Tuesday, October 23, 2012
Last night was the beginning of the Eighth Avenue line's fourth and final round of FASTRACK for this year. FASTRACK is MTA New York City Transit's ambitious maintenance program that involves the partial closure of a subway line to train service on four consecutive nights for seven continuous hours (10 p.m. to 5 a.m.). With no trains running along the lines from 59 St-Columbus Circle to Jay St-MetroTech, Brooklyn, maintenance workers worked on and near the tracks without the need to stop work every few minutes while a train moves through the area. This is a safer work environment for employees, and a more efficient way to maintain and clean New York City's enormous subway system that runs around the clock.
More than 800 Transit employees were able to perform inspections and maintenance work in stations, on tracks, signals, switches and associated components. Work crews were able to replace rails and cross ties, and scrape track floors, resulting in the removal of dirt and debris. In subway stations, paintable areas not reachable during normal train operation were scraped, primed and painted. Workers were also able to clean lighting fixtures, change bulbs and repair platform edges while performing high-intensity station cleaning. These maintenance activities improve train performance and efficiency while also promoting a positive and pleasant station environment experience.
Key accomplishments from last night's maintenance effort include servicing eight switches and ten signals, and gathering and removing 1,275 bags of debris. In addition, 15,955 linear feet of track was scraped, and four running rails, 256 tie plates and five tie blocks were replaced. Track maintenance workers scraped and cleaned 210 linear feet of track under and around the third rail and corrected 242 third rail defects. Workers also repaired 15 square feet of benchwall (an extension of the station platform that is located in tunnels and used by maintenance workers for emergency egress), sealed 15 leaks, installed 300 linear feet of "no clearance signs" and 320 linear feet of handrail. Additionally, 300 linear feet of track trough, the space between the rails, was cleaned, 52 column tags were installed and 700 linear feet of the Cranberry Street Tunnel surfaces was power washed.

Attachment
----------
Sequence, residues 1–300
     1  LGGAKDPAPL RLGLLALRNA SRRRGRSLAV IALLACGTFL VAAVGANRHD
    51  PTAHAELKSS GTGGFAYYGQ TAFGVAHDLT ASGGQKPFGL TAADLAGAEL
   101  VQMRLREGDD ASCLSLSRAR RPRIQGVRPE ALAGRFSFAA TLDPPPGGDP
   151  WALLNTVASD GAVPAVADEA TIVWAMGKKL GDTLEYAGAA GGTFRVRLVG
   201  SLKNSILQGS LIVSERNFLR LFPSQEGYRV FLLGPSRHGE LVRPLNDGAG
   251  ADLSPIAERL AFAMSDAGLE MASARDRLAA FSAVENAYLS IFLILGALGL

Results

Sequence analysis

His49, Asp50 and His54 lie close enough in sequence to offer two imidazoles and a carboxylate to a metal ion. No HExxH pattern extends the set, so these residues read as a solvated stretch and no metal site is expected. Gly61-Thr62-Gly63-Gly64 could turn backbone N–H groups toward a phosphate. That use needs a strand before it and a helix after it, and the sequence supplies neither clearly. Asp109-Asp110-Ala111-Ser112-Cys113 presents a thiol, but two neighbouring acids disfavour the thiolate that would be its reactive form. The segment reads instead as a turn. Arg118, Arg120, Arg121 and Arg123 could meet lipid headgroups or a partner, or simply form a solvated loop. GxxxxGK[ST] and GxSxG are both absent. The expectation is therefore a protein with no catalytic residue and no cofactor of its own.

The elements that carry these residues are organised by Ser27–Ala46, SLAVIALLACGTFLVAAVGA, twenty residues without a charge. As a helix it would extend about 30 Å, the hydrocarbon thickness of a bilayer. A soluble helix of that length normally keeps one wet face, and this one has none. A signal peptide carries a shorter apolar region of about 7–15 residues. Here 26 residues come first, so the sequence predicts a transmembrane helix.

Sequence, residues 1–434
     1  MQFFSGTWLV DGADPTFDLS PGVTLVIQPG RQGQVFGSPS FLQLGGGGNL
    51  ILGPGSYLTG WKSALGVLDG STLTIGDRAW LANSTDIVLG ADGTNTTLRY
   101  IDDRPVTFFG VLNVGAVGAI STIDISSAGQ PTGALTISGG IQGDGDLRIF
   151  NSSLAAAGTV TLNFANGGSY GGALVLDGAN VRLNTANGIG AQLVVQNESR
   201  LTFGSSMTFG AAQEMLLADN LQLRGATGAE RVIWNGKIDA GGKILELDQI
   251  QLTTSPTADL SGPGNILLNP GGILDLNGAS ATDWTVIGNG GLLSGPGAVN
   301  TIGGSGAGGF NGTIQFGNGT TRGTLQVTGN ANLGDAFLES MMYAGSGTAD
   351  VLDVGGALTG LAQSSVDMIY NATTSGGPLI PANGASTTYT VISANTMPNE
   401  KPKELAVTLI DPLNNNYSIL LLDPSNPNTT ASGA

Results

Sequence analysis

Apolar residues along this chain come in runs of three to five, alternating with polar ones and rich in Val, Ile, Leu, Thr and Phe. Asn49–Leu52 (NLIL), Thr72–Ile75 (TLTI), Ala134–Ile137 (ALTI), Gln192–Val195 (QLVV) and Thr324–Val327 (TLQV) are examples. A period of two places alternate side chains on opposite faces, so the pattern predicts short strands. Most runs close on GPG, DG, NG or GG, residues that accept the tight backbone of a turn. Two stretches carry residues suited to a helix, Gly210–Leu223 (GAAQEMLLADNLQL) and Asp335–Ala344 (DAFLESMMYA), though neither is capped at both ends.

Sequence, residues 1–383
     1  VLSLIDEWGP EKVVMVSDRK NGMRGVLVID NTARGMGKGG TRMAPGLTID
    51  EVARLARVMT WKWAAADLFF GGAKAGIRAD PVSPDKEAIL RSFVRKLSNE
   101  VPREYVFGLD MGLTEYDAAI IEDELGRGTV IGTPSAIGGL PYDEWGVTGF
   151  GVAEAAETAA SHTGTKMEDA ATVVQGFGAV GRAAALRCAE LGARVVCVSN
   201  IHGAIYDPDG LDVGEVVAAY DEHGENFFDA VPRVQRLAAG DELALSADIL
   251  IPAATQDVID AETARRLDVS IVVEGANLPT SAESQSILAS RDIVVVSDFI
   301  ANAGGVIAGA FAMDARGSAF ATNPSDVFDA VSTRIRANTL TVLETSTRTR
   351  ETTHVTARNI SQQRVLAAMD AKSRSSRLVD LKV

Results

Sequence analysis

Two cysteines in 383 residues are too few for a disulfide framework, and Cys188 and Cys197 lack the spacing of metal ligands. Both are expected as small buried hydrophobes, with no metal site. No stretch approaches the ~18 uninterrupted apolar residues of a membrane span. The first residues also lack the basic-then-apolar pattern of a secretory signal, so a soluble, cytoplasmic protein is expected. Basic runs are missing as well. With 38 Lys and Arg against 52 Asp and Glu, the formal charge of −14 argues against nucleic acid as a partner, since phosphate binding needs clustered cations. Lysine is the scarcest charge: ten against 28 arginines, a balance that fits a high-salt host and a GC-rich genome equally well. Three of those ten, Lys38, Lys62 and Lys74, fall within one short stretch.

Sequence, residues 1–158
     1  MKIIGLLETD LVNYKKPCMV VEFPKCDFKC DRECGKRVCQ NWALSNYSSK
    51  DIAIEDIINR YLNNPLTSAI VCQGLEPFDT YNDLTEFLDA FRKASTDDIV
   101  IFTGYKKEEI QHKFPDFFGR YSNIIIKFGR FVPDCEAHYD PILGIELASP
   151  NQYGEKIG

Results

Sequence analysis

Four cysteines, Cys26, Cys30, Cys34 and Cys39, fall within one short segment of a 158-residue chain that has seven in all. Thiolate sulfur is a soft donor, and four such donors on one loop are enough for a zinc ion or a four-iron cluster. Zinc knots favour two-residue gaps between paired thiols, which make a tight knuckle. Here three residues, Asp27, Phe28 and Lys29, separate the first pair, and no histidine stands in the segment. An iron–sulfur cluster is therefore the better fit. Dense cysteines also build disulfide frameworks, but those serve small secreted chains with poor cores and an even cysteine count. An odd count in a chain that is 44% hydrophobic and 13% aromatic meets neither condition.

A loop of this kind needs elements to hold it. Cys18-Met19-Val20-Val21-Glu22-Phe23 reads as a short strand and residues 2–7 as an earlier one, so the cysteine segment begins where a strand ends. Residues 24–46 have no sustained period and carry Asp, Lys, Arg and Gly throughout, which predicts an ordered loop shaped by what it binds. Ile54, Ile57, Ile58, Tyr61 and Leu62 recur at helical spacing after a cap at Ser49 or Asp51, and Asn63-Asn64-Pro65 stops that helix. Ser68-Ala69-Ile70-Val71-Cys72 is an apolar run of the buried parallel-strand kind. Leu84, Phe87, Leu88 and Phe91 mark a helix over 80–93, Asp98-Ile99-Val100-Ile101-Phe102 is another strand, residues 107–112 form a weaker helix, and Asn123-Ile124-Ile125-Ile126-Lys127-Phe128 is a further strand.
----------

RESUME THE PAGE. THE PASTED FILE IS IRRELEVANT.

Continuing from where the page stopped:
In the subway stations environment, customer and employee safety was a top priority as 12 platform edge signs and 110 tunnel lights were replaced and 120 square feet of rubbing board, the edge of the platform that is adjacent to the side of train, was repaired. Also, 12 fire extinguishers were inspected and the picture was optimized on 12 Closed Circuit Television (CCTV) monitors and nine cameras, and two cameras were replaced. Two elevators also received preventative maintenance.
How this impacts service?
Reliable service - service you can depend on to get you to where you need to go when you need to get there - requires regularly scheduled maintenance to critical components you never see. Pumps, signals, track, and power are just some of the vital system equipment we are focusing on so that we can continue providing our riders with train service that is safe and reliable.
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